Screens are part of our daily lives. In fact, they dominate the majority of the daily life of those who work online from home. The moment you wake up, you check for updates through our cellphones or tablets. You often find some job emails - client orders or urgent matters to be solved -received overnight, get up and switch on your desktop before anything else. At night while comfortably lying in bed, you check out your phone for updates, personal or business, or just incessantly scroll until you realize your body is exhausted but your brain is still wide awake. Really, how does digital screen affect your sleep? Screens are so embedded in our habits that we don't pay much attention to how it could really affect our sleeping patterns.
Effects of Screens on Sleep
There are several reasons why it is recommended that we refrain from using screens a few hours before sleep. Some principles are obvious, but when you work for yourself and have goals to achieve, you feel you need to make use of every working hour, you could intentionally violate it! Oftentimes, you cannot help but take your phone with you to bed to watch a show or read an ebook after the mentally exhausting day in your home office!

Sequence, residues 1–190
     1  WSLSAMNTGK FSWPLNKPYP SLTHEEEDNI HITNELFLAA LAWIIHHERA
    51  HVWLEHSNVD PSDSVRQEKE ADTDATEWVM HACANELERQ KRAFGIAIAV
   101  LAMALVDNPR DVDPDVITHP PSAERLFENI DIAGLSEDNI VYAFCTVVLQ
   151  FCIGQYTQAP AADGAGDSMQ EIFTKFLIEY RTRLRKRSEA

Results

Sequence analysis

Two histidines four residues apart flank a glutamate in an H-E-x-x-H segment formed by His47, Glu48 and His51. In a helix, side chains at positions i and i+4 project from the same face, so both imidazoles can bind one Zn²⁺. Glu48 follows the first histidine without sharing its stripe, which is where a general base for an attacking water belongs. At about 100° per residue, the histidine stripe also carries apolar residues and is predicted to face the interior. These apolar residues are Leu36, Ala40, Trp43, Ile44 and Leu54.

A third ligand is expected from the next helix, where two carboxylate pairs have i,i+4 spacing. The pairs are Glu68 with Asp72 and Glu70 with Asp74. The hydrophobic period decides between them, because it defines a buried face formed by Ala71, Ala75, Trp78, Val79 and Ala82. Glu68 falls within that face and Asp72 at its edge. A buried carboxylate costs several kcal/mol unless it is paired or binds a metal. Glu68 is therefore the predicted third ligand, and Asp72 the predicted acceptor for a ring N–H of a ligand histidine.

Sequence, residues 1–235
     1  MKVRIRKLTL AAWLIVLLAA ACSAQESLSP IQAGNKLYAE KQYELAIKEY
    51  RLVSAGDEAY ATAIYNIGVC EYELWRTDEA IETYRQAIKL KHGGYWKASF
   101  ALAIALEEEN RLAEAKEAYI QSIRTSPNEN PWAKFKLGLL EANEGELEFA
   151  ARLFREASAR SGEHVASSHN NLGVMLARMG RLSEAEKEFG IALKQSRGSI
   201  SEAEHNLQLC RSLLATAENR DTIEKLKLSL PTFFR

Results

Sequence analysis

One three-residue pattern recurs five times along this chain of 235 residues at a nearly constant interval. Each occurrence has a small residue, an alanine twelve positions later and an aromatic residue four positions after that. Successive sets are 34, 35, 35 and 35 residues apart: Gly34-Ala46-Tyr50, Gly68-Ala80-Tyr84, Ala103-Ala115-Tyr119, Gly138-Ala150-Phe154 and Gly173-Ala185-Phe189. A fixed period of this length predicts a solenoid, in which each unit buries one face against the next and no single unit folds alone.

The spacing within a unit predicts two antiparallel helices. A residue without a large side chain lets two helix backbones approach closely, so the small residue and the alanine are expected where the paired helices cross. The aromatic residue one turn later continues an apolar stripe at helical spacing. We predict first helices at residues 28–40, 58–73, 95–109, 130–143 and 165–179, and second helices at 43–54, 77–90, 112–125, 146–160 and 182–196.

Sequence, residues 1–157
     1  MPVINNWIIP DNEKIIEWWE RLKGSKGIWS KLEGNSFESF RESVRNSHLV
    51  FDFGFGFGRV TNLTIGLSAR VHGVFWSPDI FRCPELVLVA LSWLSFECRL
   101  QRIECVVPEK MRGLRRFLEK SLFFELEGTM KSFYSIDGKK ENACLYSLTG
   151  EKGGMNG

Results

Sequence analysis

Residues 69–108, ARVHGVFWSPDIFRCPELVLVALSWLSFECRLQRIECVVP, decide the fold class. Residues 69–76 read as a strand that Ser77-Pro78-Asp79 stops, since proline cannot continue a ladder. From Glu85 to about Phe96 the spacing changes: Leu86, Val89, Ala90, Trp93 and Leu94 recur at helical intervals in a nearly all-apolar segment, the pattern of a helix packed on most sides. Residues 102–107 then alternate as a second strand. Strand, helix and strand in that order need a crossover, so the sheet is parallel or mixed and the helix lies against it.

Here are some effects of screens and how to resolve it.
Bright Lights make it Difficult to Sleep
Mobile phones and tablets are so portable that we bring them everywhere we go. These devices, like laptops and televisions, emit blue light. Naturally, even without reading medical and scientific journals, we find it difficult to sleep when it's bright.
You can lower your screen's brightness to a minimum if you can't help using your phone before bedtime. Of course, it's still best to put down your phone or tablet a few hours before going to bed.
Screen Suppresses Melatonin Production
So, it turns out, bright lights have a physical effect that manifests in the form of sleeplessness. Melatonin is a hormone produced by the brain as a response to darkness. This signals the body that it's time to rest. Exposure to light at night blocks the natural production of melatonin. In essence, melatonin's absence or delayed production means that your body will not be ready for sleep and rest soon. This could translate to wakefulness or difficulty in sleeping.